IDB’s Togo withdrawal: Political or technical?

In early January, the IDB has informed Togo of its decision to withdraw from several financial agreements signed in 2016, a pull-out that was not politically motivated, contrary to what a few media outlets had reported, but rather, reveals the financial offhandedness of certain sovereigns benefiting from the multilateral development financing institution’s support. MARC ROUSSOT brings you the story.

Less than a month after Togo’s vote against a UN resolution calling on the US to withdraw its recognition of Jerusalem as the capital of Israel, the IDB renounced its support for three projects it had pledged financing for, a decision interpreted by several media outlets such as Ici Lome and L’Alternative as the IDB’s backlash over Togo’s geopolitical decision. However, albeit less sensational, the truth lies elsewhere.

In 2016, Togo and the IDB signed financing agreements for the development of two road schemes and an education project. For each project, the government had six months after the approval to finalize all the paperwork and six additional months to start the procurement process and assign a contractor. In total, the government had a whole year to launch its projects.

“Togo did not respect the timeline. To release the funds, the IDB needed certain documents, and these were sent by Togo only late in 2017, long after the agreed deadline. It has nothing to do with Togo’s vote on Jerusalem. Togo is not the only country in this situation. The IDB notified a few other sovereigns that it would not channel the financing agreed on, as [the] deadline had not been met,” a source at Togo’s Ministry of Finance told IFN.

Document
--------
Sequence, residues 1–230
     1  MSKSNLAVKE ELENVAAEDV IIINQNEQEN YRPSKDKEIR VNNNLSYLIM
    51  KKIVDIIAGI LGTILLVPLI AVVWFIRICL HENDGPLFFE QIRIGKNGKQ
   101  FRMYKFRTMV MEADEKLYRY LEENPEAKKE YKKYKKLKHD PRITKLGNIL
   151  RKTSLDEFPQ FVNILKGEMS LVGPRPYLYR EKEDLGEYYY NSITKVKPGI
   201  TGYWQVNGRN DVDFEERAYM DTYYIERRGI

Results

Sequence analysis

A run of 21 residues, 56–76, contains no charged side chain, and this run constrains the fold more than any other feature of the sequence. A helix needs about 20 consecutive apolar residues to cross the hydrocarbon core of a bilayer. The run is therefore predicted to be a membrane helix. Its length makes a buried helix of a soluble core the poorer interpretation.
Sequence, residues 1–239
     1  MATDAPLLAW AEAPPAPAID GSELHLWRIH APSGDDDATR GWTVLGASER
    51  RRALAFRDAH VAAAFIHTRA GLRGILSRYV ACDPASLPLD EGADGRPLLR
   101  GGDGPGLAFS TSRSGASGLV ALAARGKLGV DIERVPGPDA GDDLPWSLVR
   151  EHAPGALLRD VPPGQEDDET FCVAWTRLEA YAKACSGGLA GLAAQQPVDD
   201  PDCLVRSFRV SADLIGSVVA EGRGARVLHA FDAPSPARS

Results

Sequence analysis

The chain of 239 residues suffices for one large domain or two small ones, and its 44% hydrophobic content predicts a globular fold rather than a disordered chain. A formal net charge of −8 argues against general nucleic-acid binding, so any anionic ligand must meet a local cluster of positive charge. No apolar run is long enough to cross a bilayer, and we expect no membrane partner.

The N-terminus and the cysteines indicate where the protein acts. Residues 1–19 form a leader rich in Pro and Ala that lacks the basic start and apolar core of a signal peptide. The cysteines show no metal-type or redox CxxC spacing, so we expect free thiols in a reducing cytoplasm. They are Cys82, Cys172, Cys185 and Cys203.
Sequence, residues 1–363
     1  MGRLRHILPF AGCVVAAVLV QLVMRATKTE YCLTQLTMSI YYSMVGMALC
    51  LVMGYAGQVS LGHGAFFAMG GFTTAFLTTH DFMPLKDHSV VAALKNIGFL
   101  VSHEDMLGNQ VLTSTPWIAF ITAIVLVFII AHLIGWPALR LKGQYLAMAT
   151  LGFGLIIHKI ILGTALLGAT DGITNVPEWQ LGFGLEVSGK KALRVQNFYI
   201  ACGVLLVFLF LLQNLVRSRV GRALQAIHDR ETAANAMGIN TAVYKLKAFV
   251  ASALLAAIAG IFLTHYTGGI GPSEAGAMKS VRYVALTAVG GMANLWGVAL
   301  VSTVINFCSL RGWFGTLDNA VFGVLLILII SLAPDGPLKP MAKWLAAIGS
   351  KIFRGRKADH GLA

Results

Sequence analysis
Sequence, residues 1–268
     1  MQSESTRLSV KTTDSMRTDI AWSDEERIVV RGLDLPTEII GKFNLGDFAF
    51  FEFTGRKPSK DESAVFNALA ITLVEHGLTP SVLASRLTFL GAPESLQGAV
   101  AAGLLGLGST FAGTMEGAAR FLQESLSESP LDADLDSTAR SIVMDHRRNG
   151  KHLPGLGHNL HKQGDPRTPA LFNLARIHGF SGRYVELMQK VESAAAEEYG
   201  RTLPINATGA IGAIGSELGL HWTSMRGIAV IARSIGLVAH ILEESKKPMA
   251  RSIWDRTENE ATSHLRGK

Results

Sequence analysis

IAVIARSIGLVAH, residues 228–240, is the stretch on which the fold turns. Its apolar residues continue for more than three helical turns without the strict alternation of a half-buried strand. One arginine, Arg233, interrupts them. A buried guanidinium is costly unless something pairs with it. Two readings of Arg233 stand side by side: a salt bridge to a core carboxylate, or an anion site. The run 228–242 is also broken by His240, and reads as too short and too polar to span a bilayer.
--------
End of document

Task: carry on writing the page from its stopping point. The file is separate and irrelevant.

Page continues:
The cancelation of projects in Togo, decided by the board of executive directors prior to the vote on Jerusalem, is the result of a general exercise that the IDB performs at the end of the financial year to make sure that its financial position remains strong and that it can sustain its ‘AAA’ rating, confirms Abdul-Hakim Elwaer, a spokesperson at the IDB.

“All the projects that have been canceled were facing unnecessary delays beyond the agreed deadlines thus becoming extended liabilities that the IDB could not maintain, as it was taking away resources that could be used in other projects. There are no political considerations whatsoever,” Abdul-Hakim hammers home.

Most of the 57 IDB member countries have seen the cancelation of one or several projects for the same reason as Togo. The list includes Niger, Mali, Tunisia, Tchad and Guinea, among others.

Relations between Togo and the IDB are fair, affirms the source at Togo’s Ministry of Finance. The IDB has even agreed on supporting a microfinancing project for women and youth in Togo. The signing of the agreement is expected in the next few weeks.

This article first appeared in IFN Volume 15 Issue 06 on the 7th of February 2018

 

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